Instruments for Redevelopment
Classic land use planning only plays a subordinate role in the process of urban redevelopment in Leipzig. Far more important are an extensive cooperation between public authorities and private initiatives, the development of flexible concepts, and the controlled use of public resources. This has allowed Leipzig to adapt quickly to changing market conditions.
The City of Leipzig engages residents and businesses in a number of ways. In addition to conventional publication material, public displays and exhibitions of land use, zoning and other plans allow the public to inform itself and take part in discussions regarding the plans. This is also, of course, a way for the City to learn from residents as well.
The City also maintains close working relationships with many other cities, both within Germany and abroad. Through the European Union program, LC-FACIL, Leipzig coordinates and shares information, knowledge and experiences with seven other European cities in an effort to implement the Leipzig Charter for integrated, sustainable urban development, which was signed in 2007.
There must be room for creativity alongside traditional land use planning and zoning. Innovative approaches and integrated neighbourhood development in Leipzig include the following:
Preservation and Retention Strategies
Retain, renovate and refurbish buildings in the historic Gründerzeit belt surrounding the city centre as much as possible. This strategy must also correspond with the economic redevelopment of these areas.
Clearly designate areas for conservation and redevelopment.
The Building Security Programme started in 2005, the programme prioritised the top 20 most endangered Gründerzeit buildings that could still be redeveloped as the first priority to a larger programme. Of the 20 buildings on the initial list, 14 were successfully rehabilitated. In December 2006 the list of buildings was expanded by 37, and in 2008 it added another 19 as the Priority List 2A. In 2010, the Office of the Mayor added 60 more buildings to the list. As of 2010, €3.6 million have been made available for the programme.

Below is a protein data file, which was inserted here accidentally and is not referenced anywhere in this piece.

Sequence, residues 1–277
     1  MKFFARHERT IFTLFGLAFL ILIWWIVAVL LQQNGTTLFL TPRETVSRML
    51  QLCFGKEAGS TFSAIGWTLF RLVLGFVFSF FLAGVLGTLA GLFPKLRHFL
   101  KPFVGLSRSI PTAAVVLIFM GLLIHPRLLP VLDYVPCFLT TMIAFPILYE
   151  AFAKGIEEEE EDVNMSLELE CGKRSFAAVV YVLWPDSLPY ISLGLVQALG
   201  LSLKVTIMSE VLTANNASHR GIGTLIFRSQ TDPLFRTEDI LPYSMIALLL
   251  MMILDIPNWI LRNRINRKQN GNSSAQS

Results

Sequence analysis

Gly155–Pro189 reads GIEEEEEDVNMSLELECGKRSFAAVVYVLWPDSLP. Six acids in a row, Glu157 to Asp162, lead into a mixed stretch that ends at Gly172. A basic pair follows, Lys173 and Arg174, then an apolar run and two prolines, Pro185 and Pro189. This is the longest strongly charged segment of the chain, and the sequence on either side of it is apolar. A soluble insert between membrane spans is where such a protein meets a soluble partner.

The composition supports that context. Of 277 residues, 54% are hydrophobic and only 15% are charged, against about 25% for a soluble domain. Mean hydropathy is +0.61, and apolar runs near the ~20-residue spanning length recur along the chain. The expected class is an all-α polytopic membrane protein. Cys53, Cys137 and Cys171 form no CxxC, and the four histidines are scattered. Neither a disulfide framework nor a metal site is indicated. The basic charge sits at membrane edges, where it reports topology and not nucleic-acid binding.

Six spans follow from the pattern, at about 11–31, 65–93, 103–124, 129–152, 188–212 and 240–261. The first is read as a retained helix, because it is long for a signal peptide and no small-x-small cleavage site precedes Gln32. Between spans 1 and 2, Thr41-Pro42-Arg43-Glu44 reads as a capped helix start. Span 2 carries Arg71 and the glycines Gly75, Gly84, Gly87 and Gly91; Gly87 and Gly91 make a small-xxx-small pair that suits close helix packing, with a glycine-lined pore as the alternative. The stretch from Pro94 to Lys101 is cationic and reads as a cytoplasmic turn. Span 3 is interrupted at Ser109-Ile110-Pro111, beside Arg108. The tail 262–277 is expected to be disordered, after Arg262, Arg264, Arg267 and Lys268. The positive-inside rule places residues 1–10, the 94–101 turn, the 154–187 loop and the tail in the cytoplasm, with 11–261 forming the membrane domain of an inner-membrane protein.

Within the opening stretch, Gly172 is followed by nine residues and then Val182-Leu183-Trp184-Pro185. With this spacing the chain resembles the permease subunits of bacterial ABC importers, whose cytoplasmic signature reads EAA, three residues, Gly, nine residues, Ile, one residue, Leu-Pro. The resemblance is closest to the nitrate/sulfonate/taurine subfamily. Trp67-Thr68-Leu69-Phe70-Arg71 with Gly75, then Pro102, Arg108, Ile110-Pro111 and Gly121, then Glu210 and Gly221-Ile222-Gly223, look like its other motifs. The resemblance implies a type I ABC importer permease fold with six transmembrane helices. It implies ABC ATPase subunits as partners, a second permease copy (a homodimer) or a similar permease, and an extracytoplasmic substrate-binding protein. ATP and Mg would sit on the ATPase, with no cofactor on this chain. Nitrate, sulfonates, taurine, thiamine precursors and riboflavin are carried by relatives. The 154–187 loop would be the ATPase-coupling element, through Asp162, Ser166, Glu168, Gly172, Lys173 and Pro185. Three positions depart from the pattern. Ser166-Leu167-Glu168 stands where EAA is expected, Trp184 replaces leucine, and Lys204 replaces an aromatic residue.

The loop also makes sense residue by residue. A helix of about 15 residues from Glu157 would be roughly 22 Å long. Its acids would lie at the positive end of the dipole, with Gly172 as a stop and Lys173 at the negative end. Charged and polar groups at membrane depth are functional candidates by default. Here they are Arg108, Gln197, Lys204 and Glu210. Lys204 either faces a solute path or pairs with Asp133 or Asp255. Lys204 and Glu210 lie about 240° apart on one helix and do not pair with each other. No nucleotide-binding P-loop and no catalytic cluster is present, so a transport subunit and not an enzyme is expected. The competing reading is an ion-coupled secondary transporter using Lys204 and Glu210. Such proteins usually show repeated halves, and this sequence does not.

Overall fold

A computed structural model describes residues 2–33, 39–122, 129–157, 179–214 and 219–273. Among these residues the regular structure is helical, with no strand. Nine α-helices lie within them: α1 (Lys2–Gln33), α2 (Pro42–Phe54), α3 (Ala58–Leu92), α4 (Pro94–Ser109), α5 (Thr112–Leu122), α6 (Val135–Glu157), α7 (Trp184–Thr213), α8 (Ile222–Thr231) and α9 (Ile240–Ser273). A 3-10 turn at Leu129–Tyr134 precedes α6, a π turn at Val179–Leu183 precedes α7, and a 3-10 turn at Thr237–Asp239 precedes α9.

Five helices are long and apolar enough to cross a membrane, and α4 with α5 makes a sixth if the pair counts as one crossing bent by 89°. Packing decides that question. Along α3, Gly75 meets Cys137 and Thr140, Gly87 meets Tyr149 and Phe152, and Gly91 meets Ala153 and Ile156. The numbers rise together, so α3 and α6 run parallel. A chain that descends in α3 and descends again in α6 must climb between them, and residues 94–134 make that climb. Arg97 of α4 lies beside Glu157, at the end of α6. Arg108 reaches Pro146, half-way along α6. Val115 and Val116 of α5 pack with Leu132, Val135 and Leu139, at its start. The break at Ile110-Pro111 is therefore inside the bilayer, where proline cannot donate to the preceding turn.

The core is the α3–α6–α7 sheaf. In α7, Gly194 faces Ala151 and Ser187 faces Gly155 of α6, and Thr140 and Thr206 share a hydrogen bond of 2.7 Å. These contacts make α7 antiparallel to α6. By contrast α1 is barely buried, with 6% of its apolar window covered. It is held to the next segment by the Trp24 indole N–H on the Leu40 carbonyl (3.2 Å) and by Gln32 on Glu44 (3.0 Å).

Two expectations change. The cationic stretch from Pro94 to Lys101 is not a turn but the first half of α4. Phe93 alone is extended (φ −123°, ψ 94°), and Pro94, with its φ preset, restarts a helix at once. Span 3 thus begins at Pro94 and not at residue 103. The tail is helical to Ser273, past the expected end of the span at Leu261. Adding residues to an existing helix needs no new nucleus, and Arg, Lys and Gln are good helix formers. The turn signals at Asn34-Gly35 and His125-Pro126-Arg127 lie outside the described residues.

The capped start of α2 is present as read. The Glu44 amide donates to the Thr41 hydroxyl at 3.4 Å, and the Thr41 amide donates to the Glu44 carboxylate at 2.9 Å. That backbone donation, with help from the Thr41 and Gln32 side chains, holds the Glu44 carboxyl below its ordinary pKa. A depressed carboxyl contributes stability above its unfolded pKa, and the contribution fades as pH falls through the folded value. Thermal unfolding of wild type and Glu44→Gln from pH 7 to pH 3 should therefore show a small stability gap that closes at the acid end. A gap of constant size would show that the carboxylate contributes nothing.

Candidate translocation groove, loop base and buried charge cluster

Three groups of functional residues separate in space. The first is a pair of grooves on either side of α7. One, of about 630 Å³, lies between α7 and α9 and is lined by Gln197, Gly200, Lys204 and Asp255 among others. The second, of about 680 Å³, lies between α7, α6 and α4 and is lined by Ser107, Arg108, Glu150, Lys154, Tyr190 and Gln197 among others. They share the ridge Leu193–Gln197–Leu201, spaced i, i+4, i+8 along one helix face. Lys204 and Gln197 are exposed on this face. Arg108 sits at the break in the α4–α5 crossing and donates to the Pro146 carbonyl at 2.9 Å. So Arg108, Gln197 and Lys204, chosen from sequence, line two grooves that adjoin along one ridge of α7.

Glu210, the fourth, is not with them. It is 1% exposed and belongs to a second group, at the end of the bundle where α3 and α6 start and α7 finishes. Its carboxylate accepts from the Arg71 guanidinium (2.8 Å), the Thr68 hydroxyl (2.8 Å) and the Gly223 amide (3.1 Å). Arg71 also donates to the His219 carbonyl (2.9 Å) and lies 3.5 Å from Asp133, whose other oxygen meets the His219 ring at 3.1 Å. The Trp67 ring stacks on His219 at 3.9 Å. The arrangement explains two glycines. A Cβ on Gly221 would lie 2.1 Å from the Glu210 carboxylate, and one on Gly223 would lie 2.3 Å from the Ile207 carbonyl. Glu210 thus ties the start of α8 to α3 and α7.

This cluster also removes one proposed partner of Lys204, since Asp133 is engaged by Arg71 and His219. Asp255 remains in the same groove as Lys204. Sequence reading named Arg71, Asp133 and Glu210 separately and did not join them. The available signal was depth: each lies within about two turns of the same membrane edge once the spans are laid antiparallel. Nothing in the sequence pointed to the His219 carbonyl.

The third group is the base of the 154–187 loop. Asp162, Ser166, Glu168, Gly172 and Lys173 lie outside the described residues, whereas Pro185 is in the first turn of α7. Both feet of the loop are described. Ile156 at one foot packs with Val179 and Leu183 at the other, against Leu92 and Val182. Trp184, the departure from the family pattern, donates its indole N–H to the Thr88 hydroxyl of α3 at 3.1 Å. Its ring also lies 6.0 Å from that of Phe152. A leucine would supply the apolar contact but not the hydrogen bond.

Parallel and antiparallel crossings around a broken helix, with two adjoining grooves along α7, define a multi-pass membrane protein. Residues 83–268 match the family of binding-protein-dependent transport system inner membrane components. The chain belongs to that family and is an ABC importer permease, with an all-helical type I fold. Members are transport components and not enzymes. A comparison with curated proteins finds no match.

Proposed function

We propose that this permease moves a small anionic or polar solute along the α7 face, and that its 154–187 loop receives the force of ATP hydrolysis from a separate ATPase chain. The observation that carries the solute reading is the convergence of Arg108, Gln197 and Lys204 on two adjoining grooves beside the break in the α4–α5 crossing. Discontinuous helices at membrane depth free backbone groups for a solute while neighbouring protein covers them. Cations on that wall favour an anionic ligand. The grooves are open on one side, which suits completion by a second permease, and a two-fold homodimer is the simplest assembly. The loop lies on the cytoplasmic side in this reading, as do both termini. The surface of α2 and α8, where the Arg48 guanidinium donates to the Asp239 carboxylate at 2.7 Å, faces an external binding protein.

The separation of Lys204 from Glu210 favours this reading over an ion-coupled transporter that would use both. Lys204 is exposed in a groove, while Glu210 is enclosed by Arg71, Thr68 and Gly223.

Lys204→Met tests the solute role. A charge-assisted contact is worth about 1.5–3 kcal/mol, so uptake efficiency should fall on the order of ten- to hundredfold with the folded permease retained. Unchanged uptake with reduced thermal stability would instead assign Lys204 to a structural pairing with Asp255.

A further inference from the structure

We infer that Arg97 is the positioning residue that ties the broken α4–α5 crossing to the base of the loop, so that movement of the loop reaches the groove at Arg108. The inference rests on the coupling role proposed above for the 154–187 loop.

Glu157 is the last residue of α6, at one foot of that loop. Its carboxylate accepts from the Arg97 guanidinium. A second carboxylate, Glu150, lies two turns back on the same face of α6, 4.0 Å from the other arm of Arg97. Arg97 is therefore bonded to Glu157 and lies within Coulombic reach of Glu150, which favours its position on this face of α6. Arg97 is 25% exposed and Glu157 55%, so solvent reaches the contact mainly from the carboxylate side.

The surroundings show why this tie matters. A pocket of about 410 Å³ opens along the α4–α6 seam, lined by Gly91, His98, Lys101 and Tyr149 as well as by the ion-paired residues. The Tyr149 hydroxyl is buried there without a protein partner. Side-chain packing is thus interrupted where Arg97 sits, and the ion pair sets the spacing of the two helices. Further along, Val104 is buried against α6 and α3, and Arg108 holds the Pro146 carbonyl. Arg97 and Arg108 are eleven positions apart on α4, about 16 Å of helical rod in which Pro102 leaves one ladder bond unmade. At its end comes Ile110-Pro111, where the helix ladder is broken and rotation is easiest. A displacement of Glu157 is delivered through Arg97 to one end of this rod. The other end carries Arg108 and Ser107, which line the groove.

Promote residential ownership with the website Selbstnutzer.
Temporary use of certain buildings, for example with the Wächterhäuser program (Guard Houses) to preserve the urban development and historically significant buildings on main thoroughfares.
Redevelop derelict areas of the city and neighbourhoods with high levels of vacancy in order to retain current residents, while providing sufficient city services, and facilitate new move-ins.
Construct large neighbourhood parks. Between 1999 and 2007, 32 ha (approximately 80 acres) of greenspace were added to the city's park system.
Temporary use of vacant land for open spaces through the use of "permission agreements," whereby the owners in effect lease their land to the City for a designated period of time, usually 10 years, and the City benefits from more public open space. Through this program, 17 ha (42 acres) have been constructed throughout the city.
Selective deconstruction of residential buildings. Approximately 70 percent of the deconstructed units have been in large GDR-era residential estates such as Grünau, Lößnig, Mockau, Schönefeld-Ost and Paunsdorf. Other sites of deconstruction in the old neighbourhoods include areas of the near east and west sides, Schönefeld, Möckern/Wahren and some areas on the edge of the city.
Designation and protection of water corridors, such as the Karl-Heine Canal in the Plagwitz neighbourhood.
Integrated Neighborhood development
Strengthening of neighbourhood centres and main thoroughfares, discussed in the "District Centres" section.
Neighbourhood-based employment support, as well as support for the creative economy and small- to medium-sized business.
New construction or restoration of daycares and schools, and strengthening district-related education networks.
District and neighbourhood management plans.
Continued public participation through neighbourhood forums and work groups